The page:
There is without a shadow of a doubt that we are now living in a time when there is almost nothing we cannot accomplish. The outbreak of high technology all around the world is soaring, and day by day, improvements on what is already highly intelligent devices are being developed. From computers, to cellular phones, to MP3 players, everything has been made accesible to man. Because of this technology, man can bask in his creations and marvel at the genius that he has invented through the years. Half a decade ago, today’s technology wouldn’t have even been deemed as possible.
Yesteryear’s most advanced technological developers probably wouldn’t have even dreamed of the possibilities of what we now have today. But such is the development of the human mind: our intelligence is further developing and increasing, being able to establish new concepts and ideas to be used for our own benefits. Indeed, with this highly advanced technology, we are further establishing ourselves as the dominant species of the planet. For us, we are in charge of our own destinies, and no species of another kind can tell us otherwise.
But one is lead to ponder about the marvels of our own creations. What if the articifial intelligence we created were able to evolve themselves? What if these computers suddenly became self-aware, and starts acknowledging its own existence? It is true that we are the one who controls the technology, but what if the technology were able to control itself? If it became self-aware, what if, all of a sudden, it starts to refuse to follow its human creators? And if not the computers themselves, what if one person controlling these technologies started using them for their own ulterior motives?
With our main defenses relying on technological advances, what if these advances were suddenly used against us? Would the humans still be able to lay its claim as the rulers of the earth when a something else establishes themselves as more intelligent and dominant? Such is the fear that some of us have: the fear of having our own technology turned against us. We fear the idea that perhaps someday, these computers that we have in our homes would become intelligent enough to start recognizing its own existence.
In the early nineties, technophobia became rampant among the adults, although this fear was largely based on the misconceptions on computers being too overly complicated. Still, for some people, the advancements in technology is reason for them to be cautious about our own inventions. Creating Technopobia in Movies Since early in the 1980s, there have been a string of movies depicting highly advanced technology being used woefully and without any regard towards others. These movies often show state-of-the-art gadgets or creations, which are used against the protagonists to further cause ruin and devastation.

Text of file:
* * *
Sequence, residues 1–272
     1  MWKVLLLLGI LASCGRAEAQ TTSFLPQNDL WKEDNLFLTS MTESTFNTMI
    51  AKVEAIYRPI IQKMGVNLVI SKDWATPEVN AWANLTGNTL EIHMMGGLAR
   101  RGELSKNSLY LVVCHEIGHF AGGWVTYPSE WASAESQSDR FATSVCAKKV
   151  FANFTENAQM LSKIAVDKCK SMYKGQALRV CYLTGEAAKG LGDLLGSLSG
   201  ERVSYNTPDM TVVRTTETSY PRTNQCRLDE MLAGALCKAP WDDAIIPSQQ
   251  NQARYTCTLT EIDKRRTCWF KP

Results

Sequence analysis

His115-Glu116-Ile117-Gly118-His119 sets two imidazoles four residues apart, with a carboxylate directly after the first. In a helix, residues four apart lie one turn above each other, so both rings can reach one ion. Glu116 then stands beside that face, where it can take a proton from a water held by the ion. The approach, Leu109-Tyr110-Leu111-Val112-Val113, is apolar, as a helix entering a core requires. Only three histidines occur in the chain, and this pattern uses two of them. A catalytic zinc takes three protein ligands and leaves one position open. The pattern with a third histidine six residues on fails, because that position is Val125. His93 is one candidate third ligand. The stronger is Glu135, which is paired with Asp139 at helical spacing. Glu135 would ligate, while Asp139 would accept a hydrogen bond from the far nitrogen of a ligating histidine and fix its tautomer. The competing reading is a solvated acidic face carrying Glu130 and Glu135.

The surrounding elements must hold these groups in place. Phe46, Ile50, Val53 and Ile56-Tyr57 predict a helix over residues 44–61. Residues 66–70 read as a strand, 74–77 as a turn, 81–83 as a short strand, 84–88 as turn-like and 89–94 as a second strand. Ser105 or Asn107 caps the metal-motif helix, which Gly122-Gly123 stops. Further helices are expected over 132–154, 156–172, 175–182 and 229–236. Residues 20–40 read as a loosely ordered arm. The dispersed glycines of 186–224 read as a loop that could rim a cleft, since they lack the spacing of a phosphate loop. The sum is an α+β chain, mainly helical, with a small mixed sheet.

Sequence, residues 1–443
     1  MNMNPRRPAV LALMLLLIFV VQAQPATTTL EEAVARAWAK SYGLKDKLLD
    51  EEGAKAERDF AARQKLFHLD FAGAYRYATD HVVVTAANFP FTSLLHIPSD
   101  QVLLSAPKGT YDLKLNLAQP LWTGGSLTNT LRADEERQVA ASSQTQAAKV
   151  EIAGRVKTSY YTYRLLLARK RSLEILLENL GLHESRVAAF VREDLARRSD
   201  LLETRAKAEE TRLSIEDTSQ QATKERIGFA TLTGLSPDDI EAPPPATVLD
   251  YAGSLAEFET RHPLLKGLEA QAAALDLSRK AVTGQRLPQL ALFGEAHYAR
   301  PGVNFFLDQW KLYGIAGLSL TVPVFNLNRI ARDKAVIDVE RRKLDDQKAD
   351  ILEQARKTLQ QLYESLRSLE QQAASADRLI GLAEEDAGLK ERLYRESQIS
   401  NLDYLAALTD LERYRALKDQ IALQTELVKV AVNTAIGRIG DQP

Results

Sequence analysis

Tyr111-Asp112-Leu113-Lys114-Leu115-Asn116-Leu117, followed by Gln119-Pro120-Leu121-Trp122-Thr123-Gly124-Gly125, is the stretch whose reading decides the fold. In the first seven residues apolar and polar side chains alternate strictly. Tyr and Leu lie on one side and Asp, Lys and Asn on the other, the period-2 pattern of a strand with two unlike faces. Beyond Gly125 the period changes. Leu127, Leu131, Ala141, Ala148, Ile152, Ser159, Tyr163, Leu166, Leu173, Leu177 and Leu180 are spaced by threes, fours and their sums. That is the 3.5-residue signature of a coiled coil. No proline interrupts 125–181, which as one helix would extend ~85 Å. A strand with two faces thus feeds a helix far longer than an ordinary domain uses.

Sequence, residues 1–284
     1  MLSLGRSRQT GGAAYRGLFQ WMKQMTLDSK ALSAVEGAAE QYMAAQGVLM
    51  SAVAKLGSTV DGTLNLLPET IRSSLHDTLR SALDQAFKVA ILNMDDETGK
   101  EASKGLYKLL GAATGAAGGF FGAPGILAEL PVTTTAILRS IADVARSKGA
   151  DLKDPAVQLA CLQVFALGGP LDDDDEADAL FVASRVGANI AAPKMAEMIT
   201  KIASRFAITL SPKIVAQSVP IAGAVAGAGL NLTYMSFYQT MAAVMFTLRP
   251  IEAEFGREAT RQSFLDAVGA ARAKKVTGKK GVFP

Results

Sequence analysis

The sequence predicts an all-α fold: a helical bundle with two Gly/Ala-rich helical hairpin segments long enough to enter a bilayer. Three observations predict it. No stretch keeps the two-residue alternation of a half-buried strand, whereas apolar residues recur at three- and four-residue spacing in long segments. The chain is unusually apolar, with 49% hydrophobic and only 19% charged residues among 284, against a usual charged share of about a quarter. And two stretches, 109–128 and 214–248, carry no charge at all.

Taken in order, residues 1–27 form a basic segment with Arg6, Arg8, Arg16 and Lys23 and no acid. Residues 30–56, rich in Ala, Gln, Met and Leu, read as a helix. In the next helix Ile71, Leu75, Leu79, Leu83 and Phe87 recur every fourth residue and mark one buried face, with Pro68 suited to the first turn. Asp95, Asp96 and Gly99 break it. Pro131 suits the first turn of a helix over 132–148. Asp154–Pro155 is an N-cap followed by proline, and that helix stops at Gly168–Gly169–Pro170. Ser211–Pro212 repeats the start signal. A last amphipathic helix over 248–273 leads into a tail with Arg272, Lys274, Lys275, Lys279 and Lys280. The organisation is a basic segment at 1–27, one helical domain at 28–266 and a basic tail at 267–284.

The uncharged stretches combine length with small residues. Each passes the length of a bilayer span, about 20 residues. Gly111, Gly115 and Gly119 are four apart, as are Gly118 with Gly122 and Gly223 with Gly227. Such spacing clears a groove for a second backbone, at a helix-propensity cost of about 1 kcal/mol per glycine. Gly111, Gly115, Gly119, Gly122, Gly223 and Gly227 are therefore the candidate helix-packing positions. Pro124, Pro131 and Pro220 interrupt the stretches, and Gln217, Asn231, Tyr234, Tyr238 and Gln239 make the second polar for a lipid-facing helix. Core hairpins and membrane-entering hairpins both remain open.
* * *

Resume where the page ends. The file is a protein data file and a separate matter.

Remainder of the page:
Oftentimes these gadgets are used for the wrong reasons, and with its infinite possibilities, it creates the fear that maybe what we have created may not be totally beneficial to us, and could possibly create more harm than help in the long run. Perhaps the most popular among the movies that came out during the eighties that depicted this theme was the 1984 movie Terminator, starring Arnold Schwarzenegger as a human cyborg sent back in time. In the future, Skynet, a computer system fights a losing war against the humans who built it, and who it nearly exterminated.
Just before being destroyed, Skynet sends a Terminator back in time to kill Sarah, the mother to be of John Connor, the Leader of the human resistance. The terminator can pass for human, is nearly indestructible, and has only one mission: killing Sarah Connor. One soldier is sent back to protect her from the killing machine. He must find Sarah before the Terminator can carry out it’s mission (MGM. com). This movie portrays Skynet as a super computer, one that is capable to making decisions for itself. The super computer becomes self-aware, and recognizes the human race as a threat to its existence.
It therefore wages a war against all of mankind, which almost led to the anniliation of the entire planet. In 1998, the movie ‘Enemy of the State’ provided a different insight on abusing highly advanced technology. Robert Dean, the main character of the story, is just a successful and gutsy labor lawyer when he runs into an old college friend who was a big hurry. Unknown to him, that friend secretly drops a disc and viewer containing footage of a political assassination overseen by the senior advisor to the National Security Agency.
Unfortunately, that politician soon learns what Dean has in his possession and secretly uses the vast resources of the NSA to find, investigate and stop him before he goes public. Soon, Dean finds himself on the run, with his assests frozen, his loved ones watched and actively hunted by NSA agents using all the survellience technology they have available. Not knowing what is going, Dean must stay one step ahead while trying to figure out the cause of this mess (Yahoo! Movies).
This movie dwells on the idea of government surveillance and the invasion of our personal privacy by the government. We see from the movie that these technological advances could be easily used against us, and just as it could make our lives easier, it could also make it extremely difficult. We also find that if technology were to be used the wrong way, then those in power could have a commanding control over our very lives. Another movie that depicted computers going against humans was the highly acclaimed ‘The Matrix’. Thomas A.